1. I agree. I’m also guessing, though this is a presumption, that Alan Lomax was god-like, and there were many who wanted to follow in his footsteps. (In my research, there was a scholar at the UA in the 1920s — name escapes me at the moment — very much interested in African-American music and would present programs around the area to the white population.) Yet, I believe that 20th-century music — my key interest is that of the mid-20th century — is very relevant and is not being well preserved and can be tied to so much culturally and historically. They’re all reflections of their times. The recycling and re-adapting is very interesting to me, such as one Fort Smith musician I discovered from the early 1960s who could have been a voice double for Buddy Holly, certainly on purpose, too. It says a lot about the musical mood right after Holly’s death. This stuff can’t be dismissed.
    2. I don’t know if the folklore paid any role in the massive migration of people retiring to the Ozarks. I think of more of a precursor to the back-to-the-land movement. People searching for a utopia where land is beautiful and prices are rock-bottom cheap. Developers caught wind of this just as the back-to-the-landers did. It also made for a great place to erect a giant Jesus statue.

    1. on #1: Yeah– totally agreed, What I find iteresting is the way that stuff mingles if you can work around the artificial barrier imposed by the curatorial finding of what is and isn’t folk. that nexus is where its at.

      on #2: I wasn’t so much looking for a connection between folklore and inmigration to the Ozarks, (tho I think its there) as I was thinking about the juxtaposition of the two things. Part of the folklorists discourse depends on the Ozarks being isolated territory, and that discourse was circulating just as the territory was becoming less isolated.

      1. 2. I think the discourse was circulating because the territory was becoming less isolated. It was the motivator, I’m sure. Get the information before it goes away completely.

  3. I’m sure most readers here know that Mary Parler Randolph was the widow of Vance Randolph, who was regarded by many as the leading Ozark folklore collector of his time. Randolph’s publications are part of the standard literature on Ozark folklore and balladry.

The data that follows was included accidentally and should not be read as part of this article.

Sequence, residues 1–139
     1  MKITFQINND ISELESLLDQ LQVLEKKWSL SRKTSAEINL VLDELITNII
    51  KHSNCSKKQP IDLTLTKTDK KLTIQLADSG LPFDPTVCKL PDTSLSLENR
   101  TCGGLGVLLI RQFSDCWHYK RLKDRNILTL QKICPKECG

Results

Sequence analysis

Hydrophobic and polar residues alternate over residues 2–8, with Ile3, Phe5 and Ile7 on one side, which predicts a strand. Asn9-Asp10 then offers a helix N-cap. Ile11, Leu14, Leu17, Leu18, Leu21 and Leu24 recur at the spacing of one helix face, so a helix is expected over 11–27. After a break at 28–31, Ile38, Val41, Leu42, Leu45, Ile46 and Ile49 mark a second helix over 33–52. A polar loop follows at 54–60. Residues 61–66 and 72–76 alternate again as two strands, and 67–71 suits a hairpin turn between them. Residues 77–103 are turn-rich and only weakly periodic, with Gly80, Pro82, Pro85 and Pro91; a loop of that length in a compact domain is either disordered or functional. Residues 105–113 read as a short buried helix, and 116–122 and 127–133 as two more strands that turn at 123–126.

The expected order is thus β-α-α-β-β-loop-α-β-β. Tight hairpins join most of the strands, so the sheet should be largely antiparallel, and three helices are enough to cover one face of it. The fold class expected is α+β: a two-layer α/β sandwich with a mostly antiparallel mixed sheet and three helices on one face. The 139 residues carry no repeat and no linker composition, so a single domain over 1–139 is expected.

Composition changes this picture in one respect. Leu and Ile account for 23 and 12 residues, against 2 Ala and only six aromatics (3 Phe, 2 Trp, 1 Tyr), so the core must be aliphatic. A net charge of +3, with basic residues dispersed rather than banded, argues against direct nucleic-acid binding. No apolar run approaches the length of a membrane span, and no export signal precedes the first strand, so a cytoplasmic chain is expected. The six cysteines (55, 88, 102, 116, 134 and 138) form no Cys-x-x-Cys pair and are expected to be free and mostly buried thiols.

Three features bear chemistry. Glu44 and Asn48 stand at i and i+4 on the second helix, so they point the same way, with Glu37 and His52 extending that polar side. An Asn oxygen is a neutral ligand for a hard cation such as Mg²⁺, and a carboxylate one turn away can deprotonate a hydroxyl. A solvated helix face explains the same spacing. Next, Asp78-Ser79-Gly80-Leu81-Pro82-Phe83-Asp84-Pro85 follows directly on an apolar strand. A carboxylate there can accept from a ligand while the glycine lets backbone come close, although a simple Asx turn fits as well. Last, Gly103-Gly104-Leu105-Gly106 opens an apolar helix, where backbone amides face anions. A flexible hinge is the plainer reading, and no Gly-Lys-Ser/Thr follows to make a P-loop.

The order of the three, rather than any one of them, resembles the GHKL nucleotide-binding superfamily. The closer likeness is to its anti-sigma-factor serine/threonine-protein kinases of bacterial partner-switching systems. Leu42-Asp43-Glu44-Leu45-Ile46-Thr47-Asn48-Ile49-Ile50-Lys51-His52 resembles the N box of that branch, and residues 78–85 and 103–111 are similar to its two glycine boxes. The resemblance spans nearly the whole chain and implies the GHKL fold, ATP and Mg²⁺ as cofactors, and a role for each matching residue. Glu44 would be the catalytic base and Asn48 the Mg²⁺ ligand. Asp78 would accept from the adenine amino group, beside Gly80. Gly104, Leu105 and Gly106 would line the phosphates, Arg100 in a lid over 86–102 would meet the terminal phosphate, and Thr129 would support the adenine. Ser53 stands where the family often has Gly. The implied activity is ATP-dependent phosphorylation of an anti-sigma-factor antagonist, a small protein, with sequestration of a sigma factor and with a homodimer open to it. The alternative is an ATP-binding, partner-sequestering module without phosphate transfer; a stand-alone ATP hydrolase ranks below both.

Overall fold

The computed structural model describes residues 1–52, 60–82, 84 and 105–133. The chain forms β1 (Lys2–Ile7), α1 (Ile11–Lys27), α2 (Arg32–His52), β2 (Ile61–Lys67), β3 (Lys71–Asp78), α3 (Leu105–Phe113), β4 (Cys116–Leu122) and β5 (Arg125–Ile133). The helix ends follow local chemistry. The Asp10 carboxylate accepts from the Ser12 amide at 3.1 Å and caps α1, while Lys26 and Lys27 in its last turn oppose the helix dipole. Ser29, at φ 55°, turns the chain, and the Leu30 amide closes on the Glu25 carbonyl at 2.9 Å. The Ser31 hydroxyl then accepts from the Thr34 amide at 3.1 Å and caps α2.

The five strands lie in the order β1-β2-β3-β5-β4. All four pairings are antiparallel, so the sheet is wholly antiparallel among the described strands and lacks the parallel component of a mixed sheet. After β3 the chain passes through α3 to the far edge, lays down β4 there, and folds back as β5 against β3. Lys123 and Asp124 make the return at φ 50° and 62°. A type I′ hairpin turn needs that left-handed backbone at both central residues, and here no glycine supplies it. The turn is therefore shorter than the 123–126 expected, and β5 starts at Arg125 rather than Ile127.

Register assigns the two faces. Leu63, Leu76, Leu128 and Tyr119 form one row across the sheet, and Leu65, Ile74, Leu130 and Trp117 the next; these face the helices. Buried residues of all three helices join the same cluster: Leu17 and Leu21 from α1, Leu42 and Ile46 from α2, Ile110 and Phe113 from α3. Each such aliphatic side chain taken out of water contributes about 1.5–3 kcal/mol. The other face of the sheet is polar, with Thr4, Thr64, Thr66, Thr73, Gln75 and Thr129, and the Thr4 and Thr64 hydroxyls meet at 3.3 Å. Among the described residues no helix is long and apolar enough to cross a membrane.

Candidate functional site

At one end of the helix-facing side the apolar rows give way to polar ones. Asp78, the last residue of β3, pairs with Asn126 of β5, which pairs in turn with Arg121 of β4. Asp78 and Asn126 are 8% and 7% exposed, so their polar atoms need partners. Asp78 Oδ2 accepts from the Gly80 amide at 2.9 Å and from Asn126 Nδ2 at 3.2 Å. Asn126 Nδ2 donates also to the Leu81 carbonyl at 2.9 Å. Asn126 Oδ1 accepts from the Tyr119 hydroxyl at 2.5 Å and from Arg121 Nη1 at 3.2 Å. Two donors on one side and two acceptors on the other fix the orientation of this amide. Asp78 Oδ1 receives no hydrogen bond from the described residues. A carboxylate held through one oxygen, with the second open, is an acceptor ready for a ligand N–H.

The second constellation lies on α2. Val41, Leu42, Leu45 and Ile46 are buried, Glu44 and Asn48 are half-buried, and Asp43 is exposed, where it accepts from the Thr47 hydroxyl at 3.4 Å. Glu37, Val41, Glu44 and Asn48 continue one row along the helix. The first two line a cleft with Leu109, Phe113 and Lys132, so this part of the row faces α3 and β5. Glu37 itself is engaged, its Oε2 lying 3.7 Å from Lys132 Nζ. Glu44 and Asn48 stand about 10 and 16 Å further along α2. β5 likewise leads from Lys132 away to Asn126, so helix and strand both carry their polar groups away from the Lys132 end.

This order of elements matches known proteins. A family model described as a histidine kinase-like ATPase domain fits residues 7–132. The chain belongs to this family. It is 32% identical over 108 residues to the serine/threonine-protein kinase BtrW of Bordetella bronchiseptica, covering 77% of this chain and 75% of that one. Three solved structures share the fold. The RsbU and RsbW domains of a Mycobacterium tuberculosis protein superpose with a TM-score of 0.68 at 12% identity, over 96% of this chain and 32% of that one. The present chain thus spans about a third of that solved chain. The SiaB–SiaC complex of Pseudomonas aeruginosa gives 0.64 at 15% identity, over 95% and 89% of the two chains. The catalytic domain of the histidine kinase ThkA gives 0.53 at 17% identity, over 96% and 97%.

1. Most definitely. In the early 1940s, Alan Lomax had Randolph assist him in collecting and recording folk songs in the Ozarks. Randolph married Parler in 1962 long after they were both established and respected contributors to Ozark folklore.

  4. Echos of the Ozarks has become a favorite of mine. I have traveled many a road thru the hills of the Ozarks as a native “Arkansawer” and as a “fiddler”. The Ozarks have always embraced the elderly and the love for music. I commend Echos of the Ozarks for the fine work.

  5. Howdy. I live in the Missouri Ozarks and am a folk singer and storyteller. Long years ago I was acquainted with Mae Kennedy McCord, another collector of folklore and a close friend of the Randolphs. She introduced me to them and I went down and had a good visit, somewhere along about 1964. She also gave me what I consider to be the quintessential answer to the question of what constitutes folk music, if not folklore. I was from a very small town and had just starting singing in public back then, and I told her people were calling me a folksinger, and I wasn’t sure what that was. “What does that mean,” I said. “Just what is a folksinger, anyway?’ “Hmph,” she replied. “You never heard a horse sing, did you?” That was good enough for me.